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If I create an empty .psd and save it, it is 461 KB.

Let's say I have a jpeg that is 20.2 MB. If I add it as a linked smart object, the .psd filesize jumps to 124MB. I don't really understand why the filesize has jumped so much given that the file is only linked, but I assume it has something to with generating a preview etc.

What I really don't understand is why, if I now duplicate the linked smart object, the file size increases greatly each time I do so.

  • 2 instances of same linked smart object 225 MB
  • 3 instances of same linked smart object 320 MB
  • 4 instances of same linked smart object 416 MB

This carries on, with each new instance adding around 95 MB to the .psd. In this case with a relatively small file this increase isn't so important, but with much larger files this really bloats the file-size of the .psd.

Given that they are 1. all linked smart objects and 2. all the same linked smart objects, this doesn't make sense to me.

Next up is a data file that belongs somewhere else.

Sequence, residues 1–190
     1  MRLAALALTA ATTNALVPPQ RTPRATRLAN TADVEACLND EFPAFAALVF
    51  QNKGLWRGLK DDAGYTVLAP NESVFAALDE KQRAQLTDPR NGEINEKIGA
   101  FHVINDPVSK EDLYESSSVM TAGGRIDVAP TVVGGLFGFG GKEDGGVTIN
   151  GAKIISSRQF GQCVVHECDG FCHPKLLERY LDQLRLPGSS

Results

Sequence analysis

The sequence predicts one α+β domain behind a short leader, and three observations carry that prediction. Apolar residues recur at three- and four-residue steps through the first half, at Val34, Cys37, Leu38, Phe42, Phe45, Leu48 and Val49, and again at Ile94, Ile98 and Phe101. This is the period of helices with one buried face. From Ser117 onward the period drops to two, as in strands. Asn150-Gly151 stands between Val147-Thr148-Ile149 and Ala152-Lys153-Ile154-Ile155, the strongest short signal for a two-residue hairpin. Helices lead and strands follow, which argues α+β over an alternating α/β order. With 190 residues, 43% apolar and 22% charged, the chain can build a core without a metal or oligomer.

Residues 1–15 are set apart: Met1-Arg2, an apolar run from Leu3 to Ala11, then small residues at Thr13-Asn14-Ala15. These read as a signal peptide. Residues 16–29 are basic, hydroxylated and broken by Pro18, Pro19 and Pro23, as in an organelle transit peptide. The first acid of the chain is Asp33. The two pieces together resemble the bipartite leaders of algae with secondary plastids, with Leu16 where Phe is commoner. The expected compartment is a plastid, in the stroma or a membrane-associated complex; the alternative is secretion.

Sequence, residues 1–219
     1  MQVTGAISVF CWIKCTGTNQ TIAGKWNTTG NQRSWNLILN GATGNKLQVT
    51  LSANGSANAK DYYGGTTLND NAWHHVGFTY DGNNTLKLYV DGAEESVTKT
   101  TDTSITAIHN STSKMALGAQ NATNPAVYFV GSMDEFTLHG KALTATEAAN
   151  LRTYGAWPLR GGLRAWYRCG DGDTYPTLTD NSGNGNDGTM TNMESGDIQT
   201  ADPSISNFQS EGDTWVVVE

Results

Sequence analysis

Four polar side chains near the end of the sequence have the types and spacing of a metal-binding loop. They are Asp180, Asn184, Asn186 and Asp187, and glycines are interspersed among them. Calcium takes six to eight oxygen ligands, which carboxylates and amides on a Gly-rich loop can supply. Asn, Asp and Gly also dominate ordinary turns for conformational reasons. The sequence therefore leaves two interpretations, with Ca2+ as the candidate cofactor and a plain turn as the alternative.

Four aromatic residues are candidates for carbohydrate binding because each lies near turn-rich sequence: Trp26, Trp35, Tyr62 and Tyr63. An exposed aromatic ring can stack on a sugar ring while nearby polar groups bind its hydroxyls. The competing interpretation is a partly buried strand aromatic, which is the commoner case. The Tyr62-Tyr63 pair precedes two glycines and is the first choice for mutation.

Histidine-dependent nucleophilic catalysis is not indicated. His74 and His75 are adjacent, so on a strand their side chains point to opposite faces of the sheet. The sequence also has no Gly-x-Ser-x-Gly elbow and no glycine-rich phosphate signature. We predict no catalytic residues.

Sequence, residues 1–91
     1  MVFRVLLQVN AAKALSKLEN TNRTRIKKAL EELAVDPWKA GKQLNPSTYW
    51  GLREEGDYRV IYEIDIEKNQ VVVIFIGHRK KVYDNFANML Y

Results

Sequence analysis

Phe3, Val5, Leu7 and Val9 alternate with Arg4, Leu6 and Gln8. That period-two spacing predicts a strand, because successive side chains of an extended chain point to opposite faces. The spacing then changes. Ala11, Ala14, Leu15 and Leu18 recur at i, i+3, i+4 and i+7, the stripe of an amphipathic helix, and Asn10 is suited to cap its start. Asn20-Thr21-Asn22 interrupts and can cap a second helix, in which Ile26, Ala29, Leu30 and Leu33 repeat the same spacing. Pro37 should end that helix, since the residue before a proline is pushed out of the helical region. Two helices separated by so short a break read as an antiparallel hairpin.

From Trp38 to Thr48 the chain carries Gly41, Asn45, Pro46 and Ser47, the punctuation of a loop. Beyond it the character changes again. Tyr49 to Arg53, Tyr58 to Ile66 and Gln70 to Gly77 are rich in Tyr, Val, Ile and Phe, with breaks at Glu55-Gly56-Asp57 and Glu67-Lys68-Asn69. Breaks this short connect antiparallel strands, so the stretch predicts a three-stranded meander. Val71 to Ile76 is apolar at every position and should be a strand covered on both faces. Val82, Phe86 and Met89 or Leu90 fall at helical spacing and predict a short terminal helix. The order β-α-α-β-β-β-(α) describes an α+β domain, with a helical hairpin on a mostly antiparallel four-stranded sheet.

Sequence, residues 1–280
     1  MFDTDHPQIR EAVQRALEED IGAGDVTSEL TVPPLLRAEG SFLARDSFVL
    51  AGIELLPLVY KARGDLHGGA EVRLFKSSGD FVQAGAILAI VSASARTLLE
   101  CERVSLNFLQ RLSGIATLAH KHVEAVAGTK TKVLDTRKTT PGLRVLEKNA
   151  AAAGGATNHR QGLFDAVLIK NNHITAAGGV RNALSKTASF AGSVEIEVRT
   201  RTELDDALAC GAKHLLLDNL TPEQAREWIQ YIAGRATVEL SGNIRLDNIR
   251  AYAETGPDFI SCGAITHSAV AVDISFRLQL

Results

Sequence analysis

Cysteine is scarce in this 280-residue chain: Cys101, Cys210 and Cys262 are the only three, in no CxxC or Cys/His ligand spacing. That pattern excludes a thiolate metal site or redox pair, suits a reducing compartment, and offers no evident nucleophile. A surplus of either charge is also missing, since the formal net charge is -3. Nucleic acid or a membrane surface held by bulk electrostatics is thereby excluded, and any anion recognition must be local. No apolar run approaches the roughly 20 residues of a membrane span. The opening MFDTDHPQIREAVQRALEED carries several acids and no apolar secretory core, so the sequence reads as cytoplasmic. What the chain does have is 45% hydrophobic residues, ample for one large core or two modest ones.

Is there any way to have multiple versions of the same smart object or linked smart object in a psd without ballooning the file-size of the .psd?

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I believe that, as I was told when I asked a similar question, that 'Photoshop doesn't store the contents of each smart object instance but it does store a full pixel preview of each', meaning that your use of instances to apply memory retaining benefits does not work in Photoshop the same way you may be familiar with in other programs.

I'd suggest reading the linked question and responses for some other information on the matter, but to summarise it: No matter what way a layer in Photoshop is created and whether it came from a linked or lossy-compressed source, Photoshop is creating a 1:1 lossless preview of each layer for speed and preview's sake that will increase the file size. This is not to be confused with the thumbnail preview that Photoshop can create for the file preview.

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A 20MB JPEG may actually have a much bigger footprint. To get the actual memory size, go to the lower left corner of the PS display and click on the arrow to choose Document Sizes. You will see the document size at that point. Each additional layer will increase the file size accordingly.

Even if you open a JPEG file and duplicate that layer, you do not expect the file size to remain the same. I don't believe you can add a layer, any layer, even a blank layer without increasing the file size.

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